- Pop-ups. If your customers are on your website; you can use a pop-up to redirect them to the study. The advantage of this approach is that you’re likely to get a very representative sample but the disadvantage is that it may distract them from shopping or other more valuable business activity.
- Accessing pre-built testing databases. You can pay to access other people’s testing databases if you don’t have your own. These resources can often be targeted quite specifically to ensure representative audiences.
- Social media. There’s nothing wrong with asking for volunteers on your social media channels either (if they’re active enough).
Author/Copyright holder: Jason Howie. Copyright terms and licence: CC BY 2.0
Assuming you have a large following on social media, it can be a great way to get participants involved in your URUT.
You may also need to offer participants an incentive to take part. The less involved the participant is with the product/service – the more of an incentive it usually takes to get them on board.
You’ll need to be very clear about the tasks that participants are expected to complete. You must offer enough detail that they can do this without assistance (and you may need dummy data to supply them with too – such as credit card data for a mock purchase).
Keep instructions as simple and minimal as possible and always include a call-to-action when necessary.
You can also include survey questions in an URUT exercise:
- Closed questions following each task can help measure how participants are feeling about the usability of that task.
- Questions can be used at the end of the exercise to get a more general impression of the exercise.
- Questions can also be used to derive demographic data.
- Questions can also be used to test comprehension of content.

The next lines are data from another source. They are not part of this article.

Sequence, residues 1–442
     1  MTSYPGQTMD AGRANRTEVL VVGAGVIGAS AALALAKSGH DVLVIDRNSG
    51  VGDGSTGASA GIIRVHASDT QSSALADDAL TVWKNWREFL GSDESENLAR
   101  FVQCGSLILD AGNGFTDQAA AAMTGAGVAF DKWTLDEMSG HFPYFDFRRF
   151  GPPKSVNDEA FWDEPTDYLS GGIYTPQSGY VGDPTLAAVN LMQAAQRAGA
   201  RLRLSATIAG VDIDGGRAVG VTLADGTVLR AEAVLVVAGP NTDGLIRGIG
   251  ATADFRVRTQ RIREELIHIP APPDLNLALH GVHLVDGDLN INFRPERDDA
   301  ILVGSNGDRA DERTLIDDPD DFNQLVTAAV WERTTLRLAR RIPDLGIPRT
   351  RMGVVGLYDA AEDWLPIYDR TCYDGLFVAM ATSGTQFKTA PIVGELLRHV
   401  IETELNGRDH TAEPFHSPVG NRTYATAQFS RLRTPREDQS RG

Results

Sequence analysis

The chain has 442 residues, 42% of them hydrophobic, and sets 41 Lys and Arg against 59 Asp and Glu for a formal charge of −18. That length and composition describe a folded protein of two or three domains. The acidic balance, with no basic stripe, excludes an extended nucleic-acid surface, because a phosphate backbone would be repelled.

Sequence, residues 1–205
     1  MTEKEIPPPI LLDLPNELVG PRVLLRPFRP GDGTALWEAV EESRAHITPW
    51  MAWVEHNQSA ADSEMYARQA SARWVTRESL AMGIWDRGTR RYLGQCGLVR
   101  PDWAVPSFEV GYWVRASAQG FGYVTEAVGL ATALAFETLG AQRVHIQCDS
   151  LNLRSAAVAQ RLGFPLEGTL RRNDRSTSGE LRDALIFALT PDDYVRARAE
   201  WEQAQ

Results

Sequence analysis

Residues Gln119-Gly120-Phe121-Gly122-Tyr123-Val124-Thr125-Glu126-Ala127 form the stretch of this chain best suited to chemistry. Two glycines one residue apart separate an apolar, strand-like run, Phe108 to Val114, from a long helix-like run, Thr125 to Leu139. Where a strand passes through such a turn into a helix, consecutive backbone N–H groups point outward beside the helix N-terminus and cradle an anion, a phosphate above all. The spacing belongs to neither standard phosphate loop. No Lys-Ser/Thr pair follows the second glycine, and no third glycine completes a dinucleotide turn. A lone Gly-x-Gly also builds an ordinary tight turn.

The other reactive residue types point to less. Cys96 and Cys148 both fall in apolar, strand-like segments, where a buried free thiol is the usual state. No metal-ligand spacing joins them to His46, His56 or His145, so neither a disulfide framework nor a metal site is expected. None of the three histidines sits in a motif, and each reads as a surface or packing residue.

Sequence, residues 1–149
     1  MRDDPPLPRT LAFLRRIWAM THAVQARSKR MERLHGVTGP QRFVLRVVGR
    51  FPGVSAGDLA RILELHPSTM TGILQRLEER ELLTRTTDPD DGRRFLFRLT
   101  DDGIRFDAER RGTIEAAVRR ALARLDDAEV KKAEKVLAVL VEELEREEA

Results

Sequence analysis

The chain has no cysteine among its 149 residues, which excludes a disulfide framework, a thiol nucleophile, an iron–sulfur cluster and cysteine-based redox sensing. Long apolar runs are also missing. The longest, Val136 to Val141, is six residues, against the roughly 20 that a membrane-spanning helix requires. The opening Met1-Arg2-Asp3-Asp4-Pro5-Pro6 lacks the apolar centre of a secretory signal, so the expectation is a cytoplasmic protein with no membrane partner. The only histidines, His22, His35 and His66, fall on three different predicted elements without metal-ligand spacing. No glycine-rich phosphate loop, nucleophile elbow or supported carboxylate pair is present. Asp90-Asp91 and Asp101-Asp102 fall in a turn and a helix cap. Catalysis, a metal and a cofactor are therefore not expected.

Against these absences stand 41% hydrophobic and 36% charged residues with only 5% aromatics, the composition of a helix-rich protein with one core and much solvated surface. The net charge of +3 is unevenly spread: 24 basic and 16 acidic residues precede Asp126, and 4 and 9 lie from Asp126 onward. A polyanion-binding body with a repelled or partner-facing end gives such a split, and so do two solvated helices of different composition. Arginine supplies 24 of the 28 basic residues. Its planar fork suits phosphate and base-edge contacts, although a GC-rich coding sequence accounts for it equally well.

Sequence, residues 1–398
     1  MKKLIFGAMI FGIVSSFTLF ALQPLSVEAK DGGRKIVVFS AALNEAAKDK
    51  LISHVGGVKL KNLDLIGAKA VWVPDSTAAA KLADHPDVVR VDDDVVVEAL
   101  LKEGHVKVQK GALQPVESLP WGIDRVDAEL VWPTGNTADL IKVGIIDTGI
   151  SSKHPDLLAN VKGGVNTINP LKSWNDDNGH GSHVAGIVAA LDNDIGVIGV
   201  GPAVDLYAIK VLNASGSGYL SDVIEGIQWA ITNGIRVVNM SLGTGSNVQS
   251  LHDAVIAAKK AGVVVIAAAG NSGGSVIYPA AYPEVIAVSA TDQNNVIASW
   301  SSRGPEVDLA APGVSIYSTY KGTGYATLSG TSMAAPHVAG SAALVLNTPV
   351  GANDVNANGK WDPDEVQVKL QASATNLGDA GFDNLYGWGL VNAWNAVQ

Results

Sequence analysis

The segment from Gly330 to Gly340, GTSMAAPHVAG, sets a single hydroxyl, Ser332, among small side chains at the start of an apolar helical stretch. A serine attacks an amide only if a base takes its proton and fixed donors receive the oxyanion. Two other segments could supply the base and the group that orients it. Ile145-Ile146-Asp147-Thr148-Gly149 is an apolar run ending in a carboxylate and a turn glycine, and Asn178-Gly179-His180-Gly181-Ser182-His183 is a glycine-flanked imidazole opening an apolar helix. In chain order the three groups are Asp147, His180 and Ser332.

Author/Copyright holder: JayWalsh. Copyright terms and licence: CC BY-SA 3.0
Survey questions can provide additional insight into emotions or even unrelated topic areas during URUT. Wikipedia uses surveys, as seen here, to gauge how its editors feel about their work.
Delivery of the URUT Tool
Make sure that the tool is easy to access and to get to grips with without any support. You don’t want to introduce barriers to entry for participants.
It can be very useful to test an URUT with a small number of participants and then evolve the URUT before launching it with a large audience.
You should offer some telephone or e-mail support to participants for both the URUT exercise and if they have any questions after it has been completed.
Once the URUT is complete – you need to analyze the data collected. You can apply any qualitative or quantitative technique that you require to get a clear understanding of results. It can be useful to define some headline metrics and measure these first to give quick results back to stakeholders.
The Take Away
URUT (Unmoderated Remote Usability Testing) can be a useful replacement for moderated usability testing in certain circumstances. The technique should be used with careful thought and have clear objectives before being employed. It’s an excellent addition to a usability tester’s or UX designer’s toolkit.
The Nielsen Norman Group offers some good tips on choosing URUT tools - https://www.nngroup.com/articles/unmoderated-user-testing-tools/
UX Matters examines the case for and against URUT here - http://www.uxmatters.com/mt/archives/2010/01/unmoderated-remote-usability-testing-good-or-evil.php
Hero Image: Author/Copyright holder: leisa reichelt. Copyright terms and licence: CC BY-SA 2.0